Murad also furnished the content of Kitabü’l-Menamat (The Book of Dreams), addressed to Murad's spiritual advisor, Şüca Dede. A collection of first person accounts, it tells of Murad's spiritual experiences as a Sufi disciple. Compiled from thousands of letters Murad wrote describing his dream visions, it presents a hagiographic self-portrait. Murad dreams of various activities, including being stripped naked by his father and having to sit on his lap,[2]: 72  single-handedly killing 12,000 infidels in battle,[2]: 99  walking on water, ascending to heaven, and producing milk from his fingers.[2]: 143  He frequently encounters the Prophet Muhammed, and in one dream sits in the Prophet's lap and kisses his mouth.[2]: 189 

In another letter addressed to Şüca Dede, Murad wrote "I wish that God, may He be glorified and exalted, had not created this poor servant as the descendant of the Ottomans so that I would not hear this and that, and would not worry. I wish I were of unknown pedigree. Then, I would have one single task, and could ignore the whole world."[2]: 171 

The diplomatic edition of these dream letters have been recently published by Ozgen Felek in Turkish.

DeathEdit

Murad died from what is assumed to be natural causes in the Topkapı Palace and was buried in tomb next to the Hagia Sophia. In the mausoleum are 54 sarcophagus of the sultan, his wives and children that are also buried there. He is also responsible for changing the burial customs of the sultans' mothers. Murad had his mother Nurbanu buried next to her husband Selim II, making her the first consort to share a sultan's tomb.[2]: 33–34 

FamilyEdit

ConsortsEdit

Murad is believed to have had Safiye Sultan as his only concubine for twenty years (although the birth of Şehzade Selim and Hümaşah Sultan, born in this period but not universally attributed to Safiye seems to cast doubt on this assumption). However, Safiye was opposed by Murad's mother, Nurbanu Sultan, and by her sister, Ismihan Sultan, and between 1580 and 1582 she was exiled to the Old Palace on charges of having rendered the sultan impotent with a spell, after he had not succeeded or had not wanted to had sex with two concubines received by his sister. Furthermore, Nurbanu was concerned about the future of the dynasty, as she believed that Safiye's sons alone (two or three, one of whom died before 1580) were not enough to ensure the succession.. After Safiye's exile, revoked only after Nurbanu's death, Murad, to deny the rumor, took a huge number of concubines, of which only five are known to us, and I have more than forty known children, although according to sources the total number could exceed hundred.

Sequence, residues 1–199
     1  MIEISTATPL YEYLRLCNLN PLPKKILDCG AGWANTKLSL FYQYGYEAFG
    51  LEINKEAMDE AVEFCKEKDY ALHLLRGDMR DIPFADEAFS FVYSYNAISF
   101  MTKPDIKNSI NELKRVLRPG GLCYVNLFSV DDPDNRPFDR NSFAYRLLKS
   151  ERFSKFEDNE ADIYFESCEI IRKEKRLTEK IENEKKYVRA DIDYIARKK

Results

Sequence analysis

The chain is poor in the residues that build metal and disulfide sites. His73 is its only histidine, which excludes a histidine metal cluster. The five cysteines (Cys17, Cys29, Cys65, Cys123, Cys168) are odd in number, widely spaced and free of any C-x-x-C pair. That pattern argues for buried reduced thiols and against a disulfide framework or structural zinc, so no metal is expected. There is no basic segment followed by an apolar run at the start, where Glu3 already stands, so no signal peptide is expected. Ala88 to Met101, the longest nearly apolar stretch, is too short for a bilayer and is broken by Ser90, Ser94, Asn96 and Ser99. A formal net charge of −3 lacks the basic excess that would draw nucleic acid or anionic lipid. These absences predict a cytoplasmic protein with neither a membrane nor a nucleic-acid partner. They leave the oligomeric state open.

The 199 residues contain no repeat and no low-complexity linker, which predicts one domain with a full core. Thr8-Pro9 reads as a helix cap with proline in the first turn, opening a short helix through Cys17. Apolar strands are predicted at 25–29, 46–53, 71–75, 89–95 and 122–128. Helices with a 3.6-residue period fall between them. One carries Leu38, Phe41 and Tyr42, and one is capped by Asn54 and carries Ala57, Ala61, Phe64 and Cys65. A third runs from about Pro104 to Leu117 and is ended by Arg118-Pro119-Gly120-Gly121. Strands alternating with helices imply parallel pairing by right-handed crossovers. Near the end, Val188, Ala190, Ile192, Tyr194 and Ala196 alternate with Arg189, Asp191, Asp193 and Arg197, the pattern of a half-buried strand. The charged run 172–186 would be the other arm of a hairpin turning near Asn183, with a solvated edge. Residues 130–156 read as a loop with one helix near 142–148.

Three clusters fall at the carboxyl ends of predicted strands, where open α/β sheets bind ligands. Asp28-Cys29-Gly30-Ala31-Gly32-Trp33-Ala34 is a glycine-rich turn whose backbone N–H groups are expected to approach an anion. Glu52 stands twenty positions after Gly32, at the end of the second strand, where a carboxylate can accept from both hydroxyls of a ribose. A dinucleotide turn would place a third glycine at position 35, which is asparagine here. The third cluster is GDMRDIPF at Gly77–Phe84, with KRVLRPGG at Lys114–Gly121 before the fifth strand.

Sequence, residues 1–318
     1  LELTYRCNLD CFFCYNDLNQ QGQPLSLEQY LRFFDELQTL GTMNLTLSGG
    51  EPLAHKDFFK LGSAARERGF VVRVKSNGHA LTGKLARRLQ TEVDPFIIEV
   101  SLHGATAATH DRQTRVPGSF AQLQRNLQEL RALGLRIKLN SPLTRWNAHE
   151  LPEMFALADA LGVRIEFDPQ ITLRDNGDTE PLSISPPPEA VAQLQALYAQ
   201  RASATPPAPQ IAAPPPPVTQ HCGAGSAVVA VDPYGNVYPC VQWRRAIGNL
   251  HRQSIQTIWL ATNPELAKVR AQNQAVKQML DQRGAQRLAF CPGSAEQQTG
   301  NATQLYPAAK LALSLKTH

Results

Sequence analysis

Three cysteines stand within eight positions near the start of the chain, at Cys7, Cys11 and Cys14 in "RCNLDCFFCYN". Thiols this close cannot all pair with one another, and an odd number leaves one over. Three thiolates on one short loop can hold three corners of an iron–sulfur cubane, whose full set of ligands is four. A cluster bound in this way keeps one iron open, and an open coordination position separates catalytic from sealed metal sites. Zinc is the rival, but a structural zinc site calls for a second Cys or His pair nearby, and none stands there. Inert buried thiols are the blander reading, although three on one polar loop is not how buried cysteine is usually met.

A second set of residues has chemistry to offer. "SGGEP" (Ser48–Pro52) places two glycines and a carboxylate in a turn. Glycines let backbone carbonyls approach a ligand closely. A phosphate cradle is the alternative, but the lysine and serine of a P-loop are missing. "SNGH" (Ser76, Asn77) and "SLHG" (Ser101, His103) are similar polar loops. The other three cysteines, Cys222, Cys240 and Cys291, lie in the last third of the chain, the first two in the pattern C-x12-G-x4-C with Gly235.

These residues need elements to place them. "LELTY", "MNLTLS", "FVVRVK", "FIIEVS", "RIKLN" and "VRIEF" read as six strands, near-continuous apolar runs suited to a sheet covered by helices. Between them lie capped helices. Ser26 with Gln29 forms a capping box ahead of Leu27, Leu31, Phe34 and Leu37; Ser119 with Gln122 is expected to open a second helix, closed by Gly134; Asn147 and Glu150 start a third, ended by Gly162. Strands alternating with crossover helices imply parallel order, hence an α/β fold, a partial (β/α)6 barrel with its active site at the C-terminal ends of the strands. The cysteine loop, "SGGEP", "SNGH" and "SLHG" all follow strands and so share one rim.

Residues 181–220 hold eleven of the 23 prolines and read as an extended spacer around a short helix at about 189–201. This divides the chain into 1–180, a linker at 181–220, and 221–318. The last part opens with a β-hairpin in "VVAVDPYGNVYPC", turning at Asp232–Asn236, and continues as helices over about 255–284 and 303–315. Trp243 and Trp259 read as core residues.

Murad's named consorts were:

  • Safiye Sultan, an ethnic Albanian. Haseki Sultan of Murad and Valide Sultan of Mehmed III;[25]
  • Şemsiruhsar Hatun, mother of Rukiye Sultan. She commissioned Koranic readings of prayers in the Prophet's mosque in Medina. She died before 1623.[26]
  • Mihriban Hatun;[26]
  • Şahıhuban Hatun;[26]
  • Nazperver Hatun;[26]
  • Fakriye Hatun[27]
  • Seven pregnant concubines in 1595, drowned by Mehmed III
  • Concubine seduced and made pregnant by Mehmed III when he was a prince. The act was a violation of the rules of the harem and the girl was drowned by Nurbanu Sultan to protect her grandson.